[Wed Feb 12 2003]

When Southern Illinois Normal University professor Mary Minerva Steagall used to make field trips to study plant life in this area in the days before hard roads had been built, she used to carry a loaded pistol.

Steagall fired it only once, when she heard a noise that might have been moonshiners in the woods.

Steagall started teaching at SINU in 1910 and she was transferred from the mathematics department to biology, where she continued to teach from 1913 until her retirement in 1938.

Her students will never forget the vigor with which she led her field trips. They will always remember Steagall in her suede jacket, tan knickers, high-top boots, maroon helmet with a feather and carrying a knapsack.

She could easily outwalk any of the students. Coming to a barbed-wire fence that could not be climbed easily, she would lie on the ground to roll under the fence.

Steagall was born on Nov. 2, 1867, and it was on her walks to and from school in Hodgeville in Pope County that she developed her love for wildlife. After four years of teaching in Pope County, she enrolled at Illinois State Normal University.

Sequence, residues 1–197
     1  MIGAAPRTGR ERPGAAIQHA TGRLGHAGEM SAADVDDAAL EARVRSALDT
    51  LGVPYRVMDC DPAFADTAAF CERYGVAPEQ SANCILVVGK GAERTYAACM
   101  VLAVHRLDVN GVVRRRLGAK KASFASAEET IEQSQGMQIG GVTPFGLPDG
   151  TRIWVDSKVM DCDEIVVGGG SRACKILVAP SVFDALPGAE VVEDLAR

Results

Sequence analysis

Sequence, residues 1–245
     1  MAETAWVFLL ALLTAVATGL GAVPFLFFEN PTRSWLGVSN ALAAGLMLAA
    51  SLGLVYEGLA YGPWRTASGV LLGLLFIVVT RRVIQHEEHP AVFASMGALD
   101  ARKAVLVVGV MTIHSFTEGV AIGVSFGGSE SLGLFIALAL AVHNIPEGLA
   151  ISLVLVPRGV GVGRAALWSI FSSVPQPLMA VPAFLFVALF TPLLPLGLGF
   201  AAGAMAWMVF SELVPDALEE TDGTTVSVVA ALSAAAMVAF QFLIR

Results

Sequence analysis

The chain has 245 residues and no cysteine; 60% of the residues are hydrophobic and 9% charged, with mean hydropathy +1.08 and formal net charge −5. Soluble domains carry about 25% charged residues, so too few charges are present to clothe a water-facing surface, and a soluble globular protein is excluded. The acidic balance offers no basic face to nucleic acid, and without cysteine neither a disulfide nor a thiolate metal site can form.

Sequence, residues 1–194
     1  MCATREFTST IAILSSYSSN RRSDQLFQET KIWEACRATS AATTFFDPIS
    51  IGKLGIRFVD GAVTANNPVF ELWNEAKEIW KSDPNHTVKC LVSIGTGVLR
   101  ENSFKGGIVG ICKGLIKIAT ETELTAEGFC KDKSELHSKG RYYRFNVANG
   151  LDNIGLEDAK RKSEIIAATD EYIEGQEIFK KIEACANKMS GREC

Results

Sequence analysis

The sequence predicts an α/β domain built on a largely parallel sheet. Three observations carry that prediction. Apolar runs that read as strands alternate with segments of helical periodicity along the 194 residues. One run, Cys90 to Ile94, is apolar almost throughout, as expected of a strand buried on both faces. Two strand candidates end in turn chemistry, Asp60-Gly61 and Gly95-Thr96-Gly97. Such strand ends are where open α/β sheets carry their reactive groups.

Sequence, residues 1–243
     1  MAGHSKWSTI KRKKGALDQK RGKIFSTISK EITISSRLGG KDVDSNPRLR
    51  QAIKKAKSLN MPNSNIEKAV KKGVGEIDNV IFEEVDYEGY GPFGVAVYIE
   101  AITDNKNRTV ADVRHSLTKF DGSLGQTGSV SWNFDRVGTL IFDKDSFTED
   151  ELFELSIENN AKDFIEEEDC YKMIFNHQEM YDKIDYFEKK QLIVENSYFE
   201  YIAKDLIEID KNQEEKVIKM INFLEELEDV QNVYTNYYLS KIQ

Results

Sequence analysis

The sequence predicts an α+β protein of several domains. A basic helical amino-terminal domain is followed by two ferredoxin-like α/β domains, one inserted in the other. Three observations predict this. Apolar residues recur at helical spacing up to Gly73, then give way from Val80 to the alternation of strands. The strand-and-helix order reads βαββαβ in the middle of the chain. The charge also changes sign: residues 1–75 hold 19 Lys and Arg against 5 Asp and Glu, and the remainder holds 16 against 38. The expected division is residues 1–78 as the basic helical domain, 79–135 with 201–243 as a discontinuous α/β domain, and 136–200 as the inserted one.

She was engaged to be married to Loren Hodge, when he completed his medical studies in Philadelphia. However, he took off for the Klondike to search for gold and never returned.

It was Steagall's last chance at romance.

Before joining the SINU faculty, she taught in Southern Illinois schools and at the Normal School in Ypsilanti, Mich.

Her many years at SINU resulted in finding some former students in almost every Southern Illinois town. They are among the most successful doctors, businessmen and teachers.

Steagall's interests were not only in the classroom. She became a charter member of he Carbondale Park Board. She was chairwoman of the committee to lay out nature trails in Giant City State Park.

As a member of the National Committee on Conservation and Preservation of Natural Areas, Steagall helped the Ecological Society of America set aside many undisturbed areas valuable for scientific study.

Another of Steagall's hobbies was gardening. Everywhere she traveled she carried a trowel and a camera.

It was just one day after she was seen working and daydreaming in her garden that she died, on March 27, 1945.

BEN GELMAN is the former Sunday news editor for The Southern Illinoisan and is an avid bird watcher.

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